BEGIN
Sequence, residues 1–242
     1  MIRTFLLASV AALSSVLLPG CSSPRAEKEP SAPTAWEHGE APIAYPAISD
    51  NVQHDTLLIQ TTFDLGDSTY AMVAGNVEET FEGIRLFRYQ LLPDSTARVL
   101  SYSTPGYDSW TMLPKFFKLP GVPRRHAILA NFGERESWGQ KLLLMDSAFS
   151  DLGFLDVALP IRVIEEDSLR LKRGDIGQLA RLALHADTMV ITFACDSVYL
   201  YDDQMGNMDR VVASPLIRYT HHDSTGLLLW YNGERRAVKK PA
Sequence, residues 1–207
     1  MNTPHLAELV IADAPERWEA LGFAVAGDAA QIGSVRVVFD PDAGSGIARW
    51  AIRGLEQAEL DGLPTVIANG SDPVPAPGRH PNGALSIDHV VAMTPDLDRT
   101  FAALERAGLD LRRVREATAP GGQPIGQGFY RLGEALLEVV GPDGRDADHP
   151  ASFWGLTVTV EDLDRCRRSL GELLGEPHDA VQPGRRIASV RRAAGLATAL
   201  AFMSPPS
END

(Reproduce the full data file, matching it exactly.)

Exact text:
Sequence, residues 1–242
     1  MIRTFLLASV AALSSVLLPG CSSPRAEKEP SAPTAWEHGE APIAYPAISD
    51  NVQHDTLLIQ TTFDLGDSTY AMVAGNVEET FEGIRLFRYQ LLPDSTARVL
   101  SYSTPGYDSW TMLPKFFKLP GVPRRHAILA NFGERESWGQ KLLLMDSAFS
   151  DLGFLDVALP IRVIEEDSLR LKRGDIGQLA RLALHADTMV ITFACDSVYL
   201  YDDQMGNMDR VVASPLIRYT HHDSTGLLLW YNGERRAVKK PA
Sequence, residues 1–207
     1  MNTPHLAELV IADAPERWEA LGFAVAGDAA QIGSVRVVFD PDAGSGIARW
    51  AIRGLEQAEL DGLPTVIANG SDPVPAPGRH PNGALSIDHV VAMTPDLDRT
   101  FAALERAGLD LRRVREATAP GGQPIGQGFY RLGEALLEVV GPDGRDADHP
   151  ASFWGLTVTV EDLDRCRRSL GELLGEPHDA VQPGRRIASV RRAAGLATAL
   201  AFMSPPS